Proposed Advantages of Text-Based Counseling Therapy
Attention and Reflection
Text-based interactions (especially those with a time delay) allow both client and counselor to pay close attention to their communication exchanges, and reflect on their own thoughts and feelings, while still in dialogue. 64
Confession and Framing
A client’s need to confess is automatically framed through the process of writing. 65 This should be no surprise, journaling is often assigned as homework to persons participating in in-person counseling, partly because of its framing and cathartic effects.
Objectivity and Externalization
Writing often invokes one to reread and review what was written, a process that promotes increased objectivity and externalization of a problem on the part of the client. Also, once something is down on paper, one can ‘take a step back’ from it and then re-approach the facts in a more objective, impartial manner.
Associations and Insight
New associations, insights, and the recovery of old memories are often the products of the process of getting one’s story down in writing.67 Further, it has been said that while with in-person sessions a client66 may speak for an hour and not reach the heart of a matter, with writing a client can communicate more in one sentence written after an hour of reflection (of course, this second tenet is only applicable in asynchronous text-based communication).
Persons tend to hold themselves more strongly accountable when they agree to something that is in writing. This is because one often feels a sense of commitment when they write out their statements, opinions or intentions. Also, text-based interactions allow participants to comment on and directly quote pertinent excerpts of previous exchanges. This heightens the accountability of both client and counselor to their statements.
Ownership and Control
Clients communicate in a less restricted manner by text, for they are less affected by positive or negative leads, and are less apt to fear the ‘furrowed brow’ of a counselor.68 Clients also possess heightened ownership of the counseling process for they set the pace and tone by controlling the frequency and content of disclosures.69
Some persons suggest that videoconferencing is the ideal mode for counselors to interact with clients because it supports asynchronous two-way audio and video communication that emulates the in-person experience.70 However, videoconference is the least frequently used method of Internet communication. Why? Some site it is often not utilized because software is expensive and difficult to incorporate, or because videoconference requires the use of high-speed Internet connections that are unavailable in some areas.71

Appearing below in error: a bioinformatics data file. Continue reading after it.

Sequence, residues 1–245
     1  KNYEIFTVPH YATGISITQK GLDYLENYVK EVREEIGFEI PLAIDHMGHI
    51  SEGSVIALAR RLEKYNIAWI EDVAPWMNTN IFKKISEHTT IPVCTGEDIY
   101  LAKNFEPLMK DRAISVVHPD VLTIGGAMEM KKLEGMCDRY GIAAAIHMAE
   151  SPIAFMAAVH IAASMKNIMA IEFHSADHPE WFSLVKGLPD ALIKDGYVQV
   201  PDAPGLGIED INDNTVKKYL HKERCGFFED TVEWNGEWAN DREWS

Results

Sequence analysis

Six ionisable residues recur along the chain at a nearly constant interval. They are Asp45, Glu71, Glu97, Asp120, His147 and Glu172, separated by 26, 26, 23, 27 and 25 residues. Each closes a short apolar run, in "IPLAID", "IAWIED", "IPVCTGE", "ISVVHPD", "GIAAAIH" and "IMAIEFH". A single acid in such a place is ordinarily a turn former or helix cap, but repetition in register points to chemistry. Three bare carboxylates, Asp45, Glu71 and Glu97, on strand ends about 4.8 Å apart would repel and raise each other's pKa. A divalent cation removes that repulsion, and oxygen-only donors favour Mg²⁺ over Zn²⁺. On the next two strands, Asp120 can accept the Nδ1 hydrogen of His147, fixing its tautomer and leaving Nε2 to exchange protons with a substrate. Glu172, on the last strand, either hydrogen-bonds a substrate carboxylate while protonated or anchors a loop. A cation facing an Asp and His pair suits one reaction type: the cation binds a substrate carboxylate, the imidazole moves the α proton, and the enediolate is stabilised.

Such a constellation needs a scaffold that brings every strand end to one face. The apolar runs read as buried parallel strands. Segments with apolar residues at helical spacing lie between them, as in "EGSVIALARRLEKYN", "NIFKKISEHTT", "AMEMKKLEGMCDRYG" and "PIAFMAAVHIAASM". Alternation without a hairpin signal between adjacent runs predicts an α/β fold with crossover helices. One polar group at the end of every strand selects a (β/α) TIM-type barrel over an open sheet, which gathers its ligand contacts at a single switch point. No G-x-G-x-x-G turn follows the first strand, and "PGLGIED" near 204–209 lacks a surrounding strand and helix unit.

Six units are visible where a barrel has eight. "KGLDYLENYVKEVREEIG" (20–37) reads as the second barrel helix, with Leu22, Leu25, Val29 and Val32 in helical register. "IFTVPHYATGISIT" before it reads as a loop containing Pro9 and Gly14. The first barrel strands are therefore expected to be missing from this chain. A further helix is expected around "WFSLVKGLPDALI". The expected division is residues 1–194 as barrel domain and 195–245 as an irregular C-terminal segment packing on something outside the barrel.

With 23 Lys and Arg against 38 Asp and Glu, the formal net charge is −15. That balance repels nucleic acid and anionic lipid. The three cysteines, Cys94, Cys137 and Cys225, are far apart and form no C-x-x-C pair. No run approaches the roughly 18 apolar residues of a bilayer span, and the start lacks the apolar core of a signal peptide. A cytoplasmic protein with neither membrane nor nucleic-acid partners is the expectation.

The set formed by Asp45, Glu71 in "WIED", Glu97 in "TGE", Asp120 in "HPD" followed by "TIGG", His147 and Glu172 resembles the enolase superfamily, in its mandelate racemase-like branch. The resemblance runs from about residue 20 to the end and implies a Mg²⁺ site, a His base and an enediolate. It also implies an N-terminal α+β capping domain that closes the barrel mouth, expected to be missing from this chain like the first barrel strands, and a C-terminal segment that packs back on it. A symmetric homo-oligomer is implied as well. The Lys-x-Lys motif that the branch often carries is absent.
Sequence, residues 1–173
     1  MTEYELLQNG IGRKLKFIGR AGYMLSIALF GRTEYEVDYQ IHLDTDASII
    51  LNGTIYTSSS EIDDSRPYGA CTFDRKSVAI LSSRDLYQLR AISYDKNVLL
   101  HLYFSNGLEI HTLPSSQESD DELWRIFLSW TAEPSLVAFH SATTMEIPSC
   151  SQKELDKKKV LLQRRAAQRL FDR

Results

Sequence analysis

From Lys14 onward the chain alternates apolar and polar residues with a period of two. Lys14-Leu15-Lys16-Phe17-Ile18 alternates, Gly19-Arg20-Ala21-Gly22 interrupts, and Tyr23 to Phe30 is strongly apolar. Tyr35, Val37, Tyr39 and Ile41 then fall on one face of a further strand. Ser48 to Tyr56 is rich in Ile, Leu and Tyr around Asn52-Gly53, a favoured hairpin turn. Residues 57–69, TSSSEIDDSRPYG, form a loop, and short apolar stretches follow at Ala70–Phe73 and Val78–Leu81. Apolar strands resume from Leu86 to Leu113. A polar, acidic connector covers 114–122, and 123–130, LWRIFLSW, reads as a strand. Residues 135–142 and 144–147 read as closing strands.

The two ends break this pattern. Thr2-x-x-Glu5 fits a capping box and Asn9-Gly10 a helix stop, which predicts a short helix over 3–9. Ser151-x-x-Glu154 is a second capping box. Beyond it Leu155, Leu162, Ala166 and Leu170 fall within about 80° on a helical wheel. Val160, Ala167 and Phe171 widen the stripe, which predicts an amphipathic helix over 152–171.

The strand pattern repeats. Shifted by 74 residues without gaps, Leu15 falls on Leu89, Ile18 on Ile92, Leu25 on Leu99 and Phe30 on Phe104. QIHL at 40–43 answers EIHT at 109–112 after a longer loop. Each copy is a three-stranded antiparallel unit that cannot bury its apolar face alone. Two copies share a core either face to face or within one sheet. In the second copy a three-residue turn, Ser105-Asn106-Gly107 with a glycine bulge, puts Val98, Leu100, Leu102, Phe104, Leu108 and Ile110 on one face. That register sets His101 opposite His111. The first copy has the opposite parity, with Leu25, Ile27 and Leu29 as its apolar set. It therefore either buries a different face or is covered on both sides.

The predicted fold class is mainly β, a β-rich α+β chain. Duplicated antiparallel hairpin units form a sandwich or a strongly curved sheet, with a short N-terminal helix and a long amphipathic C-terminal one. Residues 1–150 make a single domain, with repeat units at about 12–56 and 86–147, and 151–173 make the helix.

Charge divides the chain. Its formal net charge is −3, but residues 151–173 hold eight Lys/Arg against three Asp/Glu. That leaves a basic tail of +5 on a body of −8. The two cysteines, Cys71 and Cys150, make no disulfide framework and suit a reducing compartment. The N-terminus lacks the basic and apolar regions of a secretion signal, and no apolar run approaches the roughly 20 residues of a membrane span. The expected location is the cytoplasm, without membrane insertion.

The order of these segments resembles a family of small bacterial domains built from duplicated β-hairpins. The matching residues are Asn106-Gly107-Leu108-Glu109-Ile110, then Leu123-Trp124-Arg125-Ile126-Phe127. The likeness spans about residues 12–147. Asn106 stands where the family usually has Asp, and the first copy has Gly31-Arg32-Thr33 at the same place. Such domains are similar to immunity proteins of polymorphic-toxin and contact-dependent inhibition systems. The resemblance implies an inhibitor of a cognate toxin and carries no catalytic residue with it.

However, recent studies show that videoconference software is both inexpensive and simple to use, and that its widespread non-adoption is more likely evidence that it is not desirable, perhaps because it eliminates the desirable anonymity persons experience with online text communication.72 It should be noted that text offers more anonymity that even the telephone, for clients need not share even the timbre of their voice with a counselor.
Testament of Treatment Progress
Discussions are easily saved or printed with text counseling, allowing clients to reread therapeutic guidance years after the termination of counseling. This may both strengthen old resolutions, and serve as a testament of the client’s treatment progress.
Counselor Perceptions of Online Counseling Advantages and Disadvantages
Counselor perceptions of Online Counseling advantages and disadvantages vary widely depending on the modality and factor in question. In my own research, I investigated a sample of 854 mental health professionals who were solicited by being on a mailing list for a national counseling organization that claims 50,000 members. The following results present mental health professionals’ reported perceptions of 21 client and counselor factors for four Online Counseling modalities: email, text-chat, telephone, and videoconference; and perceptions of 10 additional factors (proposed advantages) for text-based communication.
Perceptions of Counseling by Email
To acquire an understanding of counselors’ perceptions of email counseling factors (advantages and disadvantages), participants were asked to respond to various items by use of a 5-point likert scale. Responses ranged considerably, showing a range of perceptions on each issue. These are presented below.
64 Suler, (2000); Suler, (2004).
65 Speyer, S. & Zack, J. (2003). Online counselling: Beyond the pros and cons. Psychologica, 23(2), 11-1.
67 Childress, (2000); Speyer & Zack, (2003).
68 Speyer & Zack, (2003); Suler, (2004).
69 Manhal-Baugus, 2001, Baron, A., Hutchinson, J. (1984, December). Interactive video: A promising technology for counseling services. Journal of Counseling and Development, 63, 244-247.; see also Elleven & Allen, (2003).
70 Manhal-Baugus, (2001).
71 Reimer-Reiss, (2000); Walther, (2004).
72 Talk to a therapist online, para. 1-3. Ainsworth, M. (2004). What is e-therapy? Retrieved October 04, 2005 from Metanioa.org.